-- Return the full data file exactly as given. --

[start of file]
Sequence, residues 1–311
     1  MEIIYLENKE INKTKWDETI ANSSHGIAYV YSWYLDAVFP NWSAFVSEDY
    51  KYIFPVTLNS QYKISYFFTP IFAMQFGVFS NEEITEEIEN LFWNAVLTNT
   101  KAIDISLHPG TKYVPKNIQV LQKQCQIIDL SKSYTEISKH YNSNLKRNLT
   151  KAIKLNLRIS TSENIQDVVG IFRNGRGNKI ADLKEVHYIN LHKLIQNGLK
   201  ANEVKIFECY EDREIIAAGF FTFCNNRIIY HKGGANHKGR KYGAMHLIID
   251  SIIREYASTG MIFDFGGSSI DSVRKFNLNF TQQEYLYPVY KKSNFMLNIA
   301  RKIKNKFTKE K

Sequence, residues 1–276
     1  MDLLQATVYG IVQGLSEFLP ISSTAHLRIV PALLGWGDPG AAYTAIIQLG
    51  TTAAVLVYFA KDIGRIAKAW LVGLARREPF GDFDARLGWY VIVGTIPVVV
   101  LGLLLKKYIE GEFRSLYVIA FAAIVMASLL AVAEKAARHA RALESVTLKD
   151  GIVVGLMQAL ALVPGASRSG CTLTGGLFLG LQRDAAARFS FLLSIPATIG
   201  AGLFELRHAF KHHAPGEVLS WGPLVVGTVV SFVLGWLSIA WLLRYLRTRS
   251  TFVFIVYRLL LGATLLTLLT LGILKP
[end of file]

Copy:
Sequence, residues 1–311
     1  MEIIYLENKE INKTKWDETI ANSSHGIAYV YSWYLDAVFP NWSAFVSEDY
    51  KYIFPVTLNS QYKISYFFTP IFAMQFGVFS NEEITEEIEN LFWNAVLTNT
   101  KAIDISLHPG TKYVPKNIQV LQKQCQIIDL SKSYTEISKH YNSNLKRNLT
   151  KAIKLNLRIS TSENIQDVVG IFRNGRGNKI ADLKEVHYIN LHKLIQNGLK
   201  ANEVKIFECY EDREIIAAGF FTFCNNRIIY HKGGANHKGR KYGAMHLIID
   251  SIIREYASTG MIFDFGGSSI DSVRKFNLNF TQQEYLYPVY KKSNFMLNIA
   301  RKIKNKFTKE K

Sequence, residues 1–276
     1  MDLLQATVYG IVQGLSEFLP ISSTAHLRIV PALLGWGDPG AAYTAIIQLG
    51  TTAAVLVYFA KDIGRIAKAW LVGLARREPF GDFDARLGWY VIVGTIPVVV
   101  LGLLLKKYIE GEFRSLYVIA FAAIVMASLL AVAEKAARHA RALESVTLKD
   151  GIVVGLMQAL ALVPGASRSG CTLTGGLFLG LQRDAAARFS FLLSIPATIG
   201  AGLFELRHAF KHHAPGEVLS WGPLVVGTVV SFVLGWLSIA WLLRYLRTRS
   251  TFVFIVYRLL LGATLLTLLT LGILKP